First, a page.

Women who take the contraceptive pill are not putting themselves at a higher risk of cancer. Research by the University of Aberdeen suggests that the pill can actually protect women against some types of cancers.
From an analysis of more than 46,000 women, researchers from the University of Aberdeen in the United Kingdom found that women who had ever used oral contraceptive pills were at lower risk of colorectal, ovarian, and endometrial cancers, compared with women who had never used the pill.
Furthermore, the study found no link between the use of oral contraceptives during reproductive years and increased risk of new cancers in later life.
The findings are the latest to emerge from the Oral Contraception Study which was established in 1968 by the Royal College of General Practitioners (RCGP) to investigate the long-term effects of the oral contraceptive pill.
At the start of the study, the pill was still a relatively new type of contraception, having first been introduced in the US in 1960.
Concerns were expressed early on about whether the pill could cause cancer. These concerns, together with media scares, have led generations of women to question the possible risks to their health from choosing this method of birth control.
A number of studies have examined a potential link between the pill and different types of cancer. The results collectively suggested that women who are or have been recently on the pill have an increased risk of breast and cervical cancer. On the other hand, oral contraceptive users seemed to have a reduced risk of endometrial and ovarian cancers.
Also, current pill users seemed to be protected from bowel cancer, although it remained inconclusive whether this protection persisted after pill use came to an end.
For the UK study, 46,022 women were recruited and their health followed for up to 44 years. This makes it the world's longest-running study into the effects of the pill.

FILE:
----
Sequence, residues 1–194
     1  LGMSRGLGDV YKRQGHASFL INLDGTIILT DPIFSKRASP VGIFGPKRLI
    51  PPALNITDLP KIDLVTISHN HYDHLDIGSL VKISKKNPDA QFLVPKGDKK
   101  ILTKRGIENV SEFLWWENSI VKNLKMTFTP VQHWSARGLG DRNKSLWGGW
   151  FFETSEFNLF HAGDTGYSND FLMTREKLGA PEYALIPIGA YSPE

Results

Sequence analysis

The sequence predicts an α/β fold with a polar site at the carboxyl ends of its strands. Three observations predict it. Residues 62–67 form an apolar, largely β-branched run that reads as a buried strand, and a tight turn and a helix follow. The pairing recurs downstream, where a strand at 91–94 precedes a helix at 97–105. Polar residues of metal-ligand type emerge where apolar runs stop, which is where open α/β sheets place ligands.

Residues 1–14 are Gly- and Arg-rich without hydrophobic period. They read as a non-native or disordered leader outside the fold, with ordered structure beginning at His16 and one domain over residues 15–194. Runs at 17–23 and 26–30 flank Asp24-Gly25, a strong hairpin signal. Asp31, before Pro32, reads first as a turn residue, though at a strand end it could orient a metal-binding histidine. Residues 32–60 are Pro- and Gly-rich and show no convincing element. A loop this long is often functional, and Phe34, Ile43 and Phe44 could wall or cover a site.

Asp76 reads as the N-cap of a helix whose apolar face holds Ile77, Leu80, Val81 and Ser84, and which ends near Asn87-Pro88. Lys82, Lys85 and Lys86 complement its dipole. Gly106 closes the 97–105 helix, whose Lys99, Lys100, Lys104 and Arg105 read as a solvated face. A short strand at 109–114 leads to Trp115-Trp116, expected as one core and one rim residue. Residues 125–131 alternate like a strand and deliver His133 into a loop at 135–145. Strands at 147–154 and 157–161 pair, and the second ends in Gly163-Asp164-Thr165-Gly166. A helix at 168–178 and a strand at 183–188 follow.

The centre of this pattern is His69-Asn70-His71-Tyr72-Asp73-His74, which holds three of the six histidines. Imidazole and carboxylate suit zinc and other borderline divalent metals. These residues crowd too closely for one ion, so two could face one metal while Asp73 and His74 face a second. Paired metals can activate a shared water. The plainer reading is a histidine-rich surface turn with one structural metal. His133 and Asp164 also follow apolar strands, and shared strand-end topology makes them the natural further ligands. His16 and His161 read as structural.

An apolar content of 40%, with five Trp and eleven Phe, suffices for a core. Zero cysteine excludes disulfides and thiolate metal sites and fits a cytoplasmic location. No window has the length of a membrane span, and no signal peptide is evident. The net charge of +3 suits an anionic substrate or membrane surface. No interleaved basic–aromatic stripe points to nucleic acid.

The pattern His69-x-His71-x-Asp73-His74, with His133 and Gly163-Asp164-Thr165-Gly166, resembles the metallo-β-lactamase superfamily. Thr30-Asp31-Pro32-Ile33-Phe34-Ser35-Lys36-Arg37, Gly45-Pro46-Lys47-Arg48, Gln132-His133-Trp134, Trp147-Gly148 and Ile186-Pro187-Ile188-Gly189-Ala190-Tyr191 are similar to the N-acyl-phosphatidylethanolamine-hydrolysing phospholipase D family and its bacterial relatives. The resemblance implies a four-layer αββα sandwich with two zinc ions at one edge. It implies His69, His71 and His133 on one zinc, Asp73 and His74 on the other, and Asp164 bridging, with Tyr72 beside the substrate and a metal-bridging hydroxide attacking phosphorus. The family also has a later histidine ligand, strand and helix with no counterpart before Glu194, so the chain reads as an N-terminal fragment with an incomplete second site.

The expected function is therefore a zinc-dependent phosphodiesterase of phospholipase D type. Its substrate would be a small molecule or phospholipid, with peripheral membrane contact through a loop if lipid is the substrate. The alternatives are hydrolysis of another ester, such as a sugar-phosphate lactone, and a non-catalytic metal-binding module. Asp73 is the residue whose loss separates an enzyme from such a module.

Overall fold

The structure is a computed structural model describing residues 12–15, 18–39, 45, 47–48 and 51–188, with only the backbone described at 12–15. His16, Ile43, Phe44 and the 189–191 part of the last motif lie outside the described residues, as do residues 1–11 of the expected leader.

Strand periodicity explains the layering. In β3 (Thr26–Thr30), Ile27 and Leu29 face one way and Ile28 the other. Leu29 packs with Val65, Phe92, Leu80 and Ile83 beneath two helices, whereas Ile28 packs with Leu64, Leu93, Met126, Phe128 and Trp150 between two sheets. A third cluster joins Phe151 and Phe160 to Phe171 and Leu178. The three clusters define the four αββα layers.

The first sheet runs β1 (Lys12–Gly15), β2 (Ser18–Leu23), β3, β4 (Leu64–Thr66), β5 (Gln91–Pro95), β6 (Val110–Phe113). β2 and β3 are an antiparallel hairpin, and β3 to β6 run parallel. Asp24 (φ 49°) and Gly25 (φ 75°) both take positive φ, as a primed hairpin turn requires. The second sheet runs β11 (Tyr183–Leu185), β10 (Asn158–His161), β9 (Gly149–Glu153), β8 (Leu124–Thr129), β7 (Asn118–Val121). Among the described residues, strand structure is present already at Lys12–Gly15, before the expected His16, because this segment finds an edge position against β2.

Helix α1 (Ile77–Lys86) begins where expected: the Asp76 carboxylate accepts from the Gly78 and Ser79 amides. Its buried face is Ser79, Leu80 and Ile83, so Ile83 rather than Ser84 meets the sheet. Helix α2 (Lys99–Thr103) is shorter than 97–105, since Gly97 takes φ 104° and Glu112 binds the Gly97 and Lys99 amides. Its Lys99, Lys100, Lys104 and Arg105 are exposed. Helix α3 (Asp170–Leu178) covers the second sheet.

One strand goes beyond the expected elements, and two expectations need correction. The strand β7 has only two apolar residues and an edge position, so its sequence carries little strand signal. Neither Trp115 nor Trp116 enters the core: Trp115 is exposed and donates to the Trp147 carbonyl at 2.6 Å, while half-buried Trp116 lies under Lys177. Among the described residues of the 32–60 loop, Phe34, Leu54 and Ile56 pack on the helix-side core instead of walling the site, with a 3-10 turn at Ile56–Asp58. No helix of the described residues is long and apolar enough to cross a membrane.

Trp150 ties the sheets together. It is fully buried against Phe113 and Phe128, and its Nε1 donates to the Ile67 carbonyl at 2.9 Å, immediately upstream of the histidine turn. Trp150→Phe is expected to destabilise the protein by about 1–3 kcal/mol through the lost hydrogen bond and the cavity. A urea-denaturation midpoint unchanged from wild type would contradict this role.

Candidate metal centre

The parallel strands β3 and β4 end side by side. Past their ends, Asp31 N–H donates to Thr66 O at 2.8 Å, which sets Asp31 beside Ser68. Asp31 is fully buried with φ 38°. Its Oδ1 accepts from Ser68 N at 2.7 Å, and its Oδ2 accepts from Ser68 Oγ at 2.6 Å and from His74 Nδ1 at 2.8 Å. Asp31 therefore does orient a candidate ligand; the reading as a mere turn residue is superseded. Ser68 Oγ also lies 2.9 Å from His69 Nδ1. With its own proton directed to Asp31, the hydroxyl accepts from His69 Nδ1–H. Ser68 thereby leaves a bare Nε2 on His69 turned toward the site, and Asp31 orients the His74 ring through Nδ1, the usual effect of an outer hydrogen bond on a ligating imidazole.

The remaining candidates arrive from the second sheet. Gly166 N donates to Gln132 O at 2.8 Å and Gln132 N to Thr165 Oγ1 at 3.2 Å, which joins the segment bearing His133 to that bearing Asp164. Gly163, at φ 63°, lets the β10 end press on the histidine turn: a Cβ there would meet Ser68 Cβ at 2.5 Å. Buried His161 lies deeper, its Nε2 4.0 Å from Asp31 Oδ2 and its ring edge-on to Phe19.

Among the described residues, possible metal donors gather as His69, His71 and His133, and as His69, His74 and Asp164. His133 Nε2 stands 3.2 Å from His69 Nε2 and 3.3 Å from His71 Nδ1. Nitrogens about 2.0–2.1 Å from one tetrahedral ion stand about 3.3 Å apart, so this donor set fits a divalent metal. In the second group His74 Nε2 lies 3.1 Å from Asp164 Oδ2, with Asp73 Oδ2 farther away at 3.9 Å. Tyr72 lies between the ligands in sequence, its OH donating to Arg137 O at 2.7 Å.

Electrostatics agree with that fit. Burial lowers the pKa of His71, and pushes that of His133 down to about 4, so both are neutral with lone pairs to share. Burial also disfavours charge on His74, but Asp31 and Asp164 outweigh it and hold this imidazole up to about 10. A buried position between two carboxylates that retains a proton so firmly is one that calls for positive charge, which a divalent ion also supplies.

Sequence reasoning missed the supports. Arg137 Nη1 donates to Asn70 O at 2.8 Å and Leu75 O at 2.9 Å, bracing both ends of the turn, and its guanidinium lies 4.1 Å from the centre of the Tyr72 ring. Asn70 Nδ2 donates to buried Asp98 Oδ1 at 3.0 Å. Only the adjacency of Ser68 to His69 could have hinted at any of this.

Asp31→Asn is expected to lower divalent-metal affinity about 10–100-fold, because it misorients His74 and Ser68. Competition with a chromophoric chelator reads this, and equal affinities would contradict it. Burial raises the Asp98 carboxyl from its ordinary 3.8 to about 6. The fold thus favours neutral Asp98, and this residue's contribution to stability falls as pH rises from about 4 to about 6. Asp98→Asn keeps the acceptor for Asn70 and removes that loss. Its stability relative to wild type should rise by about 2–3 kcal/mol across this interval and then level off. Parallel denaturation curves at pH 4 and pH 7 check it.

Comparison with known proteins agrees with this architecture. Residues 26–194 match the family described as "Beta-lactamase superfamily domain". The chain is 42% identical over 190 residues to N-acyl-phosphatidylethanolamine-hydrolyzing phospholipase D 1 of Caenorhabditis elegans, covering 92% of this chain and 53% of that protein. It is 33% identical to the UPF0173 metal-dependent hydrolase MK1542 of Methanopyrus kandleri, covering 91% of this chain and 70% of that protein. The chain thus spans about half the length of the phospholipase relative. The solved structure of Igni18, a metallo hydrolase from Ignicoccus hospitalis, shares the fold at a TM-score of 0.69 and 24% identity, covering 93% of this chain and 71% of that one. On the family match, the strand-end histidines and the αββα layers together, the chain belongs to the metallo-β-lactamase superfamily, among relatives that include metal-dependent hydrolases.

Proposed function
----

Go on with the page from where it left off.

An analysis of the data, published in the American Journal of Obstetrics and Gynaecology, found that taking the pill led to:
· A 19% lower risk of bowel cancer
· A 34% lower risk of endometrial cancer
· A 33% lower risk of ovarian cancer
Also, these protective effects have been shown to last for at least 30 years after pill use ended.
The researchers also examined the risk of all types of cancer in women who have taken the pill. This showed that using the pill during reproductive years does not produce new cancer risks for women later in life, when cancers become more common in the population as a whole.
Commenting on the results in a statement, Professor Helen Stokes-Lampard, chair of the RCGP, says: "Millions of women worldwide who use the combined oral contraceptive pill should be reassured by this comprehensive research that they are not at increased risk of cancer as a result – and that taking the pill might actually decrease their risk of certain cancers."
However, she adds: "This is not to advocate that women should be given the pill as a preventative measure against cancer as we know that a minority of women do have adverse health effects as a result of taking the pill. Ultimately decisions to prescribe the pill need to be made on a patient by patient basis, but this research will be useful to inform the conversations we have with our patients when discussing various contraceptive options that are available."
Lifetime cancer risk and combined oral contraceptives: the Royal College of General Practitioners' Oral Contraception Study, Iversen L et al, the American Journal of Obstetrics and Gynaecology
University of Aberdeen
Royal College of General Practitioners (RCGP)
Original article published at medscape.com
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